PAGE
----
Igniting the Cold Fires

All right, all right, simmer down. Yes, I am guilty. Guilty of sloth, guilty of sleep, guilty of reading good books for hours at a time,  guilty of blog neglect. I admit it. Twenty lashes with a wet halyard. Contrary to what you may have been thinking, I’m not dead or critically injured. It’s just that the creative fire was kind of burned out for awhile, as in no little voice in my head talking to blog readers. Usually I’ve got a lot of goings on in the words department up in the little grey cells, playing with things I’d like to say on the blog. Lately, that has not been the case. I don’t like to force these issues but Mike was getting feedback at work to the tune of ‘How come you guys haven’t posted anything lately?’ and ‘Still no updates to the blog? What’s happening?”. Oh, the pressure! The PRESSURE!

A day to remember of Vancouver Island.

Maybe it has something to do with resentment. That’s right. I resent the fact that we sat out the entire fall sailing season with a broken exhaust pipe. We have no one to blame but ourselves, but whatever. The good weather is behind us, the darkness has descended along with the cold. The long nights of winter are almost upon us and we still have an uninsulated boat. Read: cold and damp feeling. Ugh.

Until recently I had not been down to the marina for well over a month. Yes, it’s time to get brutally honest here. I had not even visited Galapagos in that long. And the danger of not engaging with a boat for even that short amount of time is that I begin to forget. I forget how happy we are to have her, how much fun we had on her this summer, all the projects I should feel jazzed about doing. I forget all of that. My connection with her and with our future with her grows thin and delicate. This is pretty dangerous. Because when that happens, I am not focused at all on the goal of cruising in the future. I am just focused on the here and now. I needed a cure for my attitude.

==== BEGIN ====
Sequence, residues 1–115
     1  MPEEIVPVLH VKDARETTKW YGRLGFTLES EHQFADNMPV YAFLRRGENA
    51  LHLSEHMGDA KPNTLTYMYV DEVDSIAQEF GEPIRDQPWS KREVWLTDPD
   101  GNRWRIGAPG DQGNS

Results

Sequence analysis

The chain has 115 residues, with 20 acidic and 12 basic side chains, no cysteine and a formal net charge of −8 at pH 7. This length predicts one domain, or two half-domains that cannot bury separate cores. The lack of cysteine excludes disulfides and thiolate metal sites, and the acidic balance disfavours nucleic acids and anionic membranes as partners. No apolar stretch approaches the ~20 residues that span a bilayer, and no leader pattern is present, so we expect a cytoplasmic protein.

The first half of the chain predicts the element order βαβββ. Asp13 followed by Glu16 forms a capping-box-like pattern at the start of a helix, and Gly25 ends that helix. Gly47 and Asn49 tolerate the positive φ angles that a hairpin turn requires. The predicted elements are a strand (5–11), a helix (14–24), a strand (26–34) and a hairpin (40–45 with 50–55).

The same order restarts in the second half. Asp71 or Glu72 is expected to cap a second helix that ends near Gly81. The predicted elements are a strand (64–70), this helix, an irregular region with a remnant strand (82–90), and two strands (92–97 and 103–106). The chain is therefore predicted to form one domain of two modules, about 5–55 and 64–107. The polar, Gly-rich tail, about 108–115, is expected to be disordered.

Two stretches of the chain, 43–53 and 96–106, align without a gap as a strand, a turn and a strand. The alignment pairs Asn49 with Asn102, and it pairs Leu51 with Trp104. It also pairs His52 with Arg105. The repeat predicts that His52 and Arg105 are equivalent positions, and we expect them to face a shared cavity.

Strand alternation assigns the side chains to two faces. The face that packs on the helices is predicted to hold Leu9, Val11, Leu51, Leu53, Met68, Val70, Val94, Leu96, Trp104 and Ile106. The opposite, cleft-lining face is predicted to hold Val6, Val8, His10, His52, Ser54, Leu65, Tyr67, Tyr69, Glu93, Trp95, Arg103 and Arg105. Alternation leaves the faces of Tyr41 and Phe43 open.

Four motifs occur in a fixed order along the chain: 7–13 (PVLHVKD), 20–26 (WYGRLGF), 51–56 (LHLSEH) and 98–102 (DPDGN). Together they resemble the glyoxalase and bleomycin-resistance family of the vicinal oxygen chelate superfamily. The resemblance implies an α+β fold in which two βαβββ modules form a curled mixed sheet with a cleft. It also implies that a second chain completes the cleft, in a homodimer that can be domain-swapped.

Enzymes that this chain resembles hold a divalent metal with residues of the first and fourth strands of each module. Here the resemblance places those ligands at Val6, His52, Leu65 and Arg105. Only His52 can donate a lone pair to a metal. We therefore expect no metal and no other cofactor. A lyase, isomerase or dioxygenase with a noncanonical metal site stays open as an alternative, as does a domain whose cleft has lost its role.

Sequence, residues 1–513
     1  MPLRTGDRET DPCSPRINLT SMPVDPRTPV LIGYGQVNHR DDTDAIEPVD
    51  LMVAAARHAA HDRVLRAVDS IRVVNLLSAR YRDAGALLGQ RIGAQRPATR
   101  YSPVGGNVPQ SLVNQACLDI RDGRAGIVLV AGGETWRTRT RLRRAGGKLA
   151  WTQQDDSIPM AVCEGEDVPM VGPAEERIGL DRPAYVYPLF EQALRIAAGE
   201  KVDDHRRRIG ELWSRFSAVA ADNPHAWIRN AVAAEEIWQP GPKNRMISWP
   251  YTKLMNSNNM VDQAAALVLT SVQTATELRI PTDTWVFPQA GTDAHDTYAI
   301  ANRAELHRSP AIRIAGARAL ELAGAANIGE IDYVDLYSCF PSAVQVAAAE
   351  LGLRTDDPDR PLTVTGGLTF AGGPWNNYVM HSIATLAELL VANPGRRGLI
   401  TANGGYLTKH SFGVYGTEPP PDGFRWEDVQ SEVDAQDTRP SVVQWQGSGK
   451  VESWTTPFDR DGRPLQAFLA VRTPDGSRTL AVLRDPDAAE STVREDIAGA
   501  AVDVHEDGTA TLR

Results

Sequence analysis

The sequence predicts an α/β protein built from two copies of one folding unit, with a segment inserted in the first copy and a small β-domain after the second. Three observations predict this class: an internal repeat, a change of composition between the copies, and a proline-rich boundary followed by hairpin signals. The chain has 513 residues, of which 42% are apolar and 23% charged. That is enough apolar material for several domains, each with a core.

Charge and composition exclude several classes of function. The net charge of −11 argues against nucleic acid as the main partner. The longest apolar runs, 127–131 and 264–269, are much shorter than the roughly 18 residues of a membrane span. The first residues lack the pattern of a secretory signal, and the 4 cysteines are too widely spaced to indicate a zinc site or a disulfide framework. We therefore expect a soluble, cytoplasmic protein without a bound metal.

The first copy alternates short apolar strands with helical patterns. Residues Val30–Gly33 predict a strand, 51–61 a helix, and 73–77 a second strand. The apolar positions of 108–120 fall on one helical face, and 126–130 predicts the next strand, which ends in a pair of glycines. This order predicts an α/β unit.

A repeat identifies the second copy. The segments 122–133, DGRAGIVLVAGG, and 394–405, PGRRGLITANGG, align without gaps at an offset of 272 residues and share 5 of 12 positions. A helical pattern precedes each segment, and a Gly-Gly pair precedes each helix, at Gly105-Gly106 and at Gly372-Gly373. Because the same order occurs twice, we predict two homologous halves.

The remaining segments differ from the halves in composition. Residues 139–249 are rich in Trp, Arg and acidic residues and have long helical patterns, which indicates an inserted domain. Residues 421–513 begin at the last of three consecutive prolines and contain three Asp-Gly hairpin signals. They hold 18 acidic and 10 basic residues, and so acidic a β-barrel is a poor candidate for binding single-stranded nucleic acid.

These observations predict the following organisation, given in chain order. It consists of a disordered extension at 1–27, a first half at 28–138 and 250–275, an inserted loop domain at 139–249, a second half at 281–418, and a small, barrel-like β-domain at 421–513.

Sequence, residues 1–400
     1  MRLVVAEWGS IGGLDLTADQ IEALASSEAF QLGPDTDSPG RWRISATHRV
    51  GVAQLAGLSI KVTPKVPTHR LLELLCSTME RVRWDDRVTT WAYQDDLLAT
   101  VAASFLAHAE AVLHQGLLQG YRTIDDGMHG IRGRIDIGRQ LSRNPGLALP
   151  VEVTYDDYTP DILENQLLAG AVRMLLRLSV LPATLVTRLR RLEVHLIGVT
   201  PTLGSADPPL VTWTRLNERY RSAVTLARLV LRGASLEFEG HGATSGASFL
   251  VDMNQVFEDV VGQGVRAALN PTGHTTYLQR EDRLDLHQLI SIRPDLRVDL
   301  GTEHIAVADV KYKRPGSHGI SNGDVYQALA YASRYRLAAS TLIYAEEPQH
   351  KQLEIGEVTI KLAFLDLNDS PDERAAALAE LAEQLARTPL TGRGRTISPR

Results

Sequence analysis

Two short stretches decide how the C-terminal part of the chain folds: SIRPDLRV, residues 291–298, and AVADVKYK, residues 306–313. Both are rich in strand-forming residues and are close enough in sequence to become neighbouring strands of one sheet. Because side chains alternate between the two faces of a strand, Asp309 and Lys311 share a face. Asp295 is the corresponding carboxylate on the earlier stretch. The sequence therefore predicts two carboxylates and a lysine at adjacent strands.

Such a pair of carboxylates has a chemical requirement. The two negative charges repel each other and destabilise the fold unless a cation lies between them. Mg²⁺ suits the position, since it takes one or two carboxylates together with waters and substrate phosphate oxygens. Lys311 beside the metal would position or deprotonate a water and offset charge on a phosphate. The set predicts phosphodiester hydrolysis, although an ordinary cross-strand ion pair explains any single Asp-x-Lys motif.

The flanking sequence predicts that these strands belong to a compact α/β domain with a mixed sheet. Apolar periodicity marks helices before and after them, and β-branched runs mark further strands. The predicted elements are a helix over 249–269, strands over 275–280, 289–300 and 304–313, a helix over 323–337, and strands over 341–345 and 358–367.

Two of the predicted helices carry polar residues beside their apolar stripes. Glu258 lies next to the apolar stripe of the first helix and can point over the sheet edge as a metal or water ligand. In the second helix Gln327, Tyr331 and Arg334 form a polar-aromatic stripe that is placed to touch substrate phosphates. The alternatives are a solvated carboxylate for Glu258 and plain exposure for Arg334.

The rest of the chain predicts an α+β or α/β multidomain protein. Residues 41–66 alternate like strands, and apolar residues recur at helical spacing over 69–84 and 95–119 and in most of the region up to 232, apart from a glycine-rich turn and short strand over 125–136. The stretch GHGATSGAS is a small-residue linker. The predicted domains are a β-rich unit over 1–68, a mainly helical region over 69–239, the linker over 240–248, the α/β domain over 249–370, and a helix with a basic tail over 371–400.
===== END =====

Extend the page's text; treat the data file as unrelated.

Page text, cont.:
Cool hand made dinghy in Bellingham.

This week the cure came in three ways.  First, I made myself go down to visit the boat and began to clean some of the stowage areas in preparation for insulating them (more about that in another post). Admittedly, I was not excited about the prospect of getting started on what will be a huge project. But when I climbed up the ladder and into the cockpit, I began to feel happiness! It was a noticeable thing, this happy and content feeling that came upon me as I climbed down into the salon. Galapagos seemed glad to see me, and I found myself patting her like a loyal companion and letting the joy seep into my cold bones. I wanted to just stand in the cabin and allow the feeling to sweep through me. We spent awhile together just hanging out before I started ripping the salon apart. My connection with her was back.

The second thing that happened is that I took a painting class. This has nothing to do with boating or sailing, but it’s something that I finally allowed myself to do just to enjoy the life I have right now, this very minute. It was awesome and now those creative fires are raging hot! Woo hoo! I love riding this kind of wave! If I have a goal with this, it’s to be able to enjoy some kind of art creation from the boat. We shall see if this is it. Who knows? And who cares? It’s just fun right now and that’s all I care about.

Just a fun doodle with paint. It’s like being back in kindergarten in the best way!

The third thing that happened is that Mike announced that after 18 years of being at Boeing, he finally has 4 weeks of paid vacation a year! Oh. My. GOD! What is this? Europe? By summer, if we are lucky, he will have 5 weeks to take for a sailing vacation. Oh, the places we could go with that amount of time! We can hardly stand it.

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Mike enjoying a happy day when the sun was shining and the weather was warm, not like now.

So all is well on the home front. The creative fires are stoked, and I feel more blog posts hanging out in the back regions of my brain.  I went down to Galapagos today to retie her lines and re-position the spring line in anticipation of tonight’s wind event, if it happens. I checked my progress in the insulation department, made sure breakers were off, cranked the bilge pumps a couple of times, gave her a little pat and moseyed on home. She’s ready to go with her shiny new exhaust pipe. Maybe we will get her out of her slip during the Christmas holidays. She’d like that. And so would we.